13
Boosting by filtering Have 3 networks: Expert1, Expert2, and Expert3 1.Train Expert1 on a set of examples N1 of size N 2.Filter the data through Expert1 to get 2 nd data set N2 via: Flip a coin. If Heads: pass new data through Expert1 until it misclassifies a data point. Add this point to N2. Tails do the opposite: ie discard incorrect until 1 correct which is added to N2 Repeat until N2 is of size N Note that if Expert1 is tested on N2 the distribution of data points is such that it would get 50 % correct => the distribution is different to N1

14
3.Train Expert2 on N2 then use both Experts to generate anew training set N3 Via: Pass a new pattern through Experts 1 and 2. If they agree on their classification, discard the pattern. If they disagree add to N3 Continue till N3 is of size N Expert 3 is now trained on N3 Note that both N2 and N3 contain more “hard-to-learn” patterns since performance of the experts > 50% The output of the committee of machines is formed by adding the outputs generated by each expert NB Needs a lot of data

15
Expert 1 A A A … B A A … N2 Expert 1 A A A … B A B … 50 % of time Therefore, Expert 1 gets 50% of N2 right and 50% wrong Since Expert 1’s performance is more than 50% N2 is different to N1 and has more ‘harder’ patterns in it

16
Expert 1 A A A … B A A … N3 Expert 2 A A A … A A B … Roughly 50 % of time Here N3 is made up of patterns that one (but not both) of the other 2 networks cannot classify and that are therefore in hard to learn bits of the input space

17
Example: pattern classification. Boundaries given by solid lines. Dots in one class, crosses in other. Figure shows distribution of 3 data-sets Notice that N1 has a unifrom distribution of points whereas N2 and N3 successively concentrate data in hard to classify regions

18
First 3 figs show decision regions from 3 experts and last one the region for a combined expert formed by summing outputs of 3 experts Expert1 E=75% Expert2 E=71% Expert3 E=69% Combind Expert E=92%

19
Boosting by subsampling The AdaBoost algorithm: adaptively resamples the data set so can be used with a datset (X) of a fixed size Again uses a weak learning model (network) but adjusts adaptively to the errors of the model (hence the name) Algorithm works as follows: at time n the algorithm provides a training sample to the network drawn from X using a probability distribution D n. Which is used to train a hypothesis (network) h n Process continues for T timesteps after which the algorithm combines the outputs of the T networks generated using a weighted average The distribution D n+1 is calculated from D n by decreasing the probability of an input pattern being picked if h n classified it correctly, thus focussing on more difficult patterns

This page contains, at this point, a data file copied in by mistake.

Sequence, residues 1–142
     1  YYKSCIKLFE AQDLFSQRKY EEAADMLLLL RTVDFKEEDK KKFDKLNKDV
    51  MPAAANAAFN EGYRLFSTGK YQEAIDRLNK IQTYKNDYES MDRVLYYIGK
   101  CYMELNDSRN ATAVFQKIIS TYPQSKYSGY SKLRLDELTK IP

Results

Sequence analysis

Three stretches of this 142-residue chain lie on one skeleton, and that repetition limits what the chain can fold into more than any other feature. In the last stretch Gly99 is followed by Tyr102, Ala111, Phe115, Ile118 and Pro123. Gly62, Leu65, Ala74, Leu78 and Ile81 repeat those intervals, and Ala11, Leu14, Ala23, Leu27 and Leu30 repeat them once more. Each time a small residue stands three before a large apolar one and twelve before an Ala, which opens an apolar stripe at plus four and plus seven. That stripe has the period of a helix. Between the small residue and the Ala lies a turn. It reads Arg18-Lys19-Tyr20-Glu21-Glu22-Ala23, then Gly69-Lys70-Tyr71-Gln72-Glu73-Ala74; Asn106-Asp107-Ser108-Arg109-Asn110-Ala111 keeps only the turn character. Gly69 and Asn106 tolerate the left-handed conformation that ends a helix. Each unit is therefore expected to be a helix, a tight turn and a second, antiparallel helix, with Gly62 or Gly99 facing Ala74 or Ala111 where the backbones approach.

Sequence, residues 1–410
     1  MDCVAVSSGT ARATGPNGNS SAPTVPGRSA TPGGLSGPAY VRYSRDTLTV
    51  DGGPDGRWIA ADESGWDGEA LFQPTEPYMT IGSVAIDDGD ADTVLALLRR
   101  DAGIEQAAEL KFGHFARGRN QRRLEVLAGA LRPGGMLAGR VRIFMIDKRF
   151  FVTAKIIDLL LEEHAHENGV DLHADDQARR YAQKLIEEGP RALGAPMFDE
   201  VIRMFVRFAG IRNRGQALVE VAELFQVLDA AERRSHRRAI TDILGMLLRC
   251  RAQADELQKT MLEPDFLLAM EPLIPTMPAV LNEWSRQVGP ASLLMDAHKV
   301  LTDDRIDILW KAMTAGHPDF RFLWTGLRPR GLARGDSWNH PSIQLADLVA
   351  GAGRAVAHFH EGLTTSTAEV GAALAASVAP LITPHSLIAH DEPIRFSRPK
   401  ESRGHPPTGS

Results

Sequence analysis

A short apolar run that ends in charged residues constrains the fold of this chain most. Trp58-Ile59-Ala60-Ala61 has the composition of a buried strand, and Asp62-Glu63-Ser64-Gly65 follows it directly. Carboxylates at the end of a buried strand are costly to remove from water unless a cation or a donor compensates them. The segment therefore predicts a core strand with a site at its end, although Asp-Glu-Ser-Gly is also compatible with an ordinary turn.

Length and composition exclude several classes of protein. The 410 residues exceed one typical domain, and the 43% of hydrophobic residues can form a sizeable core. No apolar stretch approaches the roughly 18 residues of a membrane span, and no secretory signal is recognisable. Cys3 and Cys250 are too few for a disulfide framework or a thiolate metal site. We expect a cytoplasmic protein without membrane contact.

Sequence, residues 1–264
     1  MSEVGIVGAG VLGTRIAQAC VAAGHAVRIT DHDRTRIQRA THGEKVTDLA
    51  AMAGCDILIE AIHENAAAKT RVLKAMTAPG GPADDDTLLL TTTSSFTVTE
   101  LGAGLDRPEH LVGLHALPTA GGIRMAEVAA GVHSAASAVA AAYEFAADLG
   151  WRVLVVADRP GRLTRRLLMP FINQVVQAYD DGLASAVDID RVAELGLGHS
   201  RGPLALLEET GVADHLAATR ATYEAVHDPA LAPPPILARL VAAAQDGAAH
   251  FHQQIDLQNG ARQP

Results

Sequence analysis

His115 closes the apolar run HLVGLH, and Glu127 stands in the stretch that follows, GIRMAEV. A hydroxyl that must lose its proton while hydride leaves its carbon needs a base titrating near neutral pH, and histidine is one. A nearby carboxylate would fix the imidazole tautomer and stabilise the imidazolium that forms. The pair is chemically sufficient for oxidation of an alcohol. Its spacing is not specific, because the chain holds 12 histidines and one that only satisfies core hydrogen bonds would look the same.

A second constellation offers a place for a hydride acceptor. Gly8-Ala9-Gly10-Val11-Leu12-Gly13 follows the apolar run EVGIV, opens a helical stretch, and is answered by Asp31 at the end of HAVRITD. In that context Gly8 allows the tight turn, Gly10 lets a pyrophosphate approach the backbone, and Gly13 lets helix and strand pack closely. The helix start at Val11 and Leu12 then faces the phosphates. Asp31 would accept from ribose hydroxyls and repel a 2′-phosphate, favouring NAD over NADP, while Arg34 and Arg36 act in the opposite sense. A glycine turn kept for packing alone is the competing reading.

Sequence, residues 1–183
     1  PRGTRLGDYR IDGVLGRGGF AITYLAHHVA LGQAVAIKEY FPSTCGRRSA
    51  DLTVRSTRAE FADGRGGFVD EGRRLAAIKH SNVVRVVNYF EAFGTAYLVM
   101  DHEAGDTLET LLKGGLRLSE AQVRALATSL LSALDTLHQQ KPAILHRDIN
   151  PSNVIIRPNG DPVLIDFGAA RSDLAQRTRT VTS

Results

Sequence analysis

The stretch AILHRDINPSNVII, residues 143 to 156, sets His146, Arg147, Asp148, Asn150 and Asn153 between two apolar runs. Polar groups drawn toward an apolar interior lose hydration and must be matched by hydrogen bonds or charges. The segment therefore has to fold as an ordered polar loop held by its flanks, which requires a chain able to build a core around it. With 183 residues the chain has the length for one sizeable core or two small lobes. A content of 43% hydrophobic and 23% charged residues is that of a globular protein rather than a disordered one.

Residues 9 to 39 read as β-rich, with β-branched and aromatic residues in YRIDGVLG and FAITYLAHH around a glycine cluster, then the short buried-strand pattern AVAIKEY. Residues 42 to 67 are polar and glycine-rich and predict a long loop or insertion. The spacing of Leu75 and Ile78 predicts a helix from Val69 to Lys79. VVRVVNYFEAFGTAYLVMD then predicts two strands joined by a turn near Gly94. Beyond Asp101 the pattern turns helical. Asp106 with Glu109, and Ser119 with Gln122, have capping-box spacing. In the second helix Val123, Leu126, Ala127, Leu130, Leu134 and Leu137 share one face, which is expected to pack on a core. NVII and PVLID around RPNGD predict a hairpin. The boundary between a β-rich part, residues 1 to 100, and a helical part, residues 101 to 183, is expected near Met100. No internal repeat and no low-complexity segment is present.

20
Adaboost Algorithm n Assign every example an equal weight 1/N ie D t (i)=1/n n For t = 1, 2, …, T Do u Obtain a hypothesis (classifier) h(t) using D t (i) to generate a training sample u Calculate the weighted error e(t) of h(t) by summing D t (i) over all the points incorrectly classified u If e(t) > 1/2, repeat for loop with different sample u Make D t+1 (i) by multiplying the probabilities of all patterns classified correctly by b(t) = e(t)/(1-e(t)): gives higher weighting for lower errors e=0.5, b=1; e=0.2, b=0.25; e=0.1, b=0.09 u Normalize w (t+1) to sum to 1 n Output a weighted sum of all the hypotheses, with weights specified by accuracy on the training set via put x in class where sum over hypotheses that put x in that class of log(1/b(t))

21
Dynamic committee machines: input signal is directly involved in combining ouputs Eg Mixtures of experts and hierarchical mixtures of experts Gating network decides the weighting of each network Dynamic committee machines Expert 1 Expert 2 Expert L … Gating network output y 1 (n) y 2 (n) y L (n) Input x(n) g 1 (n) g 2 (n) g L (n)

22
Mixture of experts Have K networks or experts and it is assumed that different experts work best on different bits of input space Also have a gating network which mediates between them Let output from j’th expert be: And set the j’th output from the gating network be the softmax (sort of differentiable and continuous winner-takes-all): where Thus g j is the ‘probability’ of expert j being correct and overall output is:

23
original softmaxed original softmaxed

24
Find parameters a and w together via various search algorithms Hierarchical mixtures of experts

Similar presentations

OK

CSC321: 2011 Introduction to Neural Networks and Machine Learning Lecture 11: Bayesian learning continued Geoffrey Hinton.

CSC321: 2011 Introduction to Neural Networks and Machine Learning Lecture 11: Bayesian learning continued Geoffrey Hinton.

© 2018 SlidePlayer.com Inc.

All rights reserved.

To make this website work, we log user data and share it with processors. To use this website, you must agree to our Privacy Policy, including cookie policy.

Ads by Google

Ppt on plants and trees Ppt on cross-site scripting vulnerabilities Ppt on review of literature introduction Ppt on human chromosomes 23 Ppt on motivational stories Ppt on biodegradable and non biodegradable materials problems Ppt on db2 introduction to accounting Ppt on power generation by speed breakers Ppt on structure in c programming Ppt on column chromatography lab